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Friday, July 27, 2007

A passion for Ravioli


Last time we were at our very fave fine Italian in London, recovering from a rather poor experience at another place (more on this story later - in a few days...) we got the guinea pig treatment with these:

Where is the fuss you might say? Look again:

They were exceptionally good: dessert ravioli, chocolate ones with a ricotta and candied peel filling, and white ones with a “deconstructed” apple strudel filling, and specks of chocolate. We won’t tell you about the accompanying sauces...

They might feature on the dessert menu as early as August: you have been warned, miss them at your peril!


Monday, July 23, 2007


The day: 14th July 2007, Lunch.
The place: 63-64 Frith Street W1S 2XS, London (020 7734 4545)

The venue: Arbutus

The food: modern French

The drinks: mostly French, good range of prices, excellent the ‘carafe’ option, normal to low mark-ups.

Back home in the UK after the long stay in Trento, we thought we’d take a little break from Italian, and try one place that had been taking the food-loving London quite by storm since its opening about a year ago: we are at Arbutus, in the heart of Soho. Here is where chef Anthony Demetre opened his ‘superior bistro’ after gaining a Michelin star at his previous upscale restaurant in Putney.

From the outside it is (nicely) unassuming.

Inside, it consists of a series of rooms in the curious shape of a horse shoe: the first room, which also has a bar section with a counter laid out for diners, suggests this place is generally heaving with customers - for why would you otherwise want to have lunch perched on a stool and facing the barman at the same price you would pay sitting more comfortably at a table? Nevertheless, when we visited this part was completely empty. All the better for us, as acoustics is not great (the long period spent Italy has not destroyed our British understatement), and with more people we suspect this might turn too noisy. The décor is minimalist and stark.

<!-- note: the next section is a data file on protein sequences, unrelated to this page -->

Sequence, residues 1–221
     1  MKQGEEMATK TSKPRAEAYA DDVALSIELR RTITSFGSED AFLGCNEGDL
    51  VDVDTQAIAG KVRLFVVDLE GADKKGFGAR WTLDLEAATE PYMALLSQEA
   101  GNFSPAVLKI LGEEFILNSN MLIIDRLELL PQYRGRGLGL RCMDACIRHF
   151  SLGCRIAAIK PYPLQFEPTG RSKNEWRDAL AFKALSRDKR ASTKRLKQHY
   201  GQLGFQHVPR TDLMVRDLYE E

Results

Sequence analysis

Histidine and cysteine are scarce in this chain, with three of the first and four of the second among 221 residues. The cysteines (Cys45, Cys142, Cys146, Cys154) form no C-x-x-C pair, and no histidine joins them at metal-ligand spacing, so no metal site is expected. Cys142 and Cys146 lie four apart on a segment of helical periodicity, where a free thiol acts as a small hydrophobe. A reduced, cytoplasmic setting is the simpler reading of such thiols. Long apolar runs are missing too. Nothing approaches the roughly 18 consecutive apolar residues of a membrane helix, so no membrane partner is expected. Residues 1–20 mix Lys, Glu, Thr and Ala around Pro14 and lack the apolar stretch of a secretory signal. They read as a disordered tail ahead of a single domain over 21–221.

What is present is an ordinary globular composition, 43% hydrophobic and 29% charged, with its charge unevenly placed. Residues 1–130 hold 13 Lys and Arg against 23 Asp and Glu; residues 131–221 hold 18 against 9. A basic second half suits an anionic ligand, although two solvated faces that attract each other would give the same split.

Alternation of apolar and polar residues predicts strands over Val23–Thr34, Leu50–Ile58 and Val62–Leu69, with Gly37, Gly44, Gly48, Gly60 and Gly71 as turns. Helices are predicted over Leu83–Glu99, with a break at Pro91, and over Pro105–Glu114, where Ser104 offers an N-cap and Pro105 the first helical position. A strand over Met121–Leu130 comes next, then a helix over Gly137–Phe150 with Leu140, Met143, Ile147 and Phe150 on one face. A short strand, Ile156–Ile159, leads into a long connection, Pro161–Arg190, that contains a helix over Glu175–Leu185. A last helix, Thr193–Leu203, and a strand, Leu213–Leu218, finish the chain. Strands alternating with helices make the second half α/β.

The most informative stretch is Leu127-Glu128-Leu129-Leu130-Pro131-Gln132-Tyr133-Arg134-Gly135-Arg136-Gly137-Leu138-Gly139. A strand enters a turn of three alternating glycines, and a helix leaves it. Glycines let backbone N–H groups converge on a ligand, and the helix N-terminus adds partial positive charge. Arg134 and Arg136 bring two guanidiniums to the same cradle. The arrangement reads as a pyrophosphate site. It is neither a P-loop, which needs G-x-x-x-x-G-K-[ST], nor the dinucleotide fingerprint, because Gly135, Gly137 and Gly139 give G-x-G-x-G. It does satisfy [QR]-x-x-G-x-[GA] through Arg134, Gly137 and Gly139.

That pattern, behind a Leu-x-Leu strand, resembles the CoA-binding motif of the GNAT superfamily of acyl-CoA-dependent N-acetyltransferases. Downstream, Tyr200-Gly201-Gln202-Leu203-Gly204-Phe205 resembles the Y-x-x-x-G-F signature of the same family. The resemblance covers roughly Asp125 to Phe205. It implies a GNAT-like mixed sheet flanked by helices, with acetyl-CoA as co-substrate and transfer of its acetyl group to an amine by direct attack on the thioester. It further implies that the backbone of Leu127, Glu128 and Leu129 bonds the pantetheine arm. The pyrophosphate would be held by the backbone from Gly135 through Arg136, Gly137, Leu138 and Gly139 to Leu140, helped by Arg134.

The tables were easy to measure, almost exactly two (long) sides of an A4 sheet: just enough, but more or less in line with the rest of London.

Oh, there is no tablecloth; let’s hope their savings on laundry go into their raw material bill.

A pleasant and helpful French waiter brought us bread French style: we could choose which slice to get, though….

We thought we were being quite silly in worrying, as bread starvation was what we feared in Beaune, too, where we ended up with a ‘bottomless bread plate’, which we could have replenished as often as we wished. Well, not at Arbutus, as it turned out, since once Woman had finished her slice, the bread dish was taken away for ever… see Man hoarding all his crumbs .

The menu is short but interesting. At lunch one can go either for the a la carte selection, or for a set three course lunch at £15.50, which is definitely very good value. The set meal allows you to choose between two each of starters, mains and desserts. A la carte, starters go from £5.50 of the Plum tomato gazpacho to the £9.50 of either the Dorset crab salad and garlic mayonnaise, or the Squid and mackerel ‘burger’ with parsley and razor clams; mains go from the £12.95 of the red wine risotto with radicchio and taleggio cheese to the £18.95 of the Traditional Bouillabaisse (Marseille style). Puddings all go for £5.95.

Being very determinate to stay within our £100 rule, the more so in a place with no tablecloth, we opted for a set lunch and an a la carte selection.

While waiting, we discovered that beside there being no tablecloth, there were no gifts from the kitchen to keep us busy either (apart from a piece of butter, under which we had the forethought not to place our solitary slice of bread, which could then last longer…). OK, this saving too is surely put into their raw material expenses.

We began with:

- Pork porchetta with Granny Smith apple puree (set menu)

- Ravioli of oxtail with ginger and spring onions (£8.95).

Yes we know, quite an Italianate choice, but this is the slant of Chef Demetre’s mostly French cuisine (and he is British).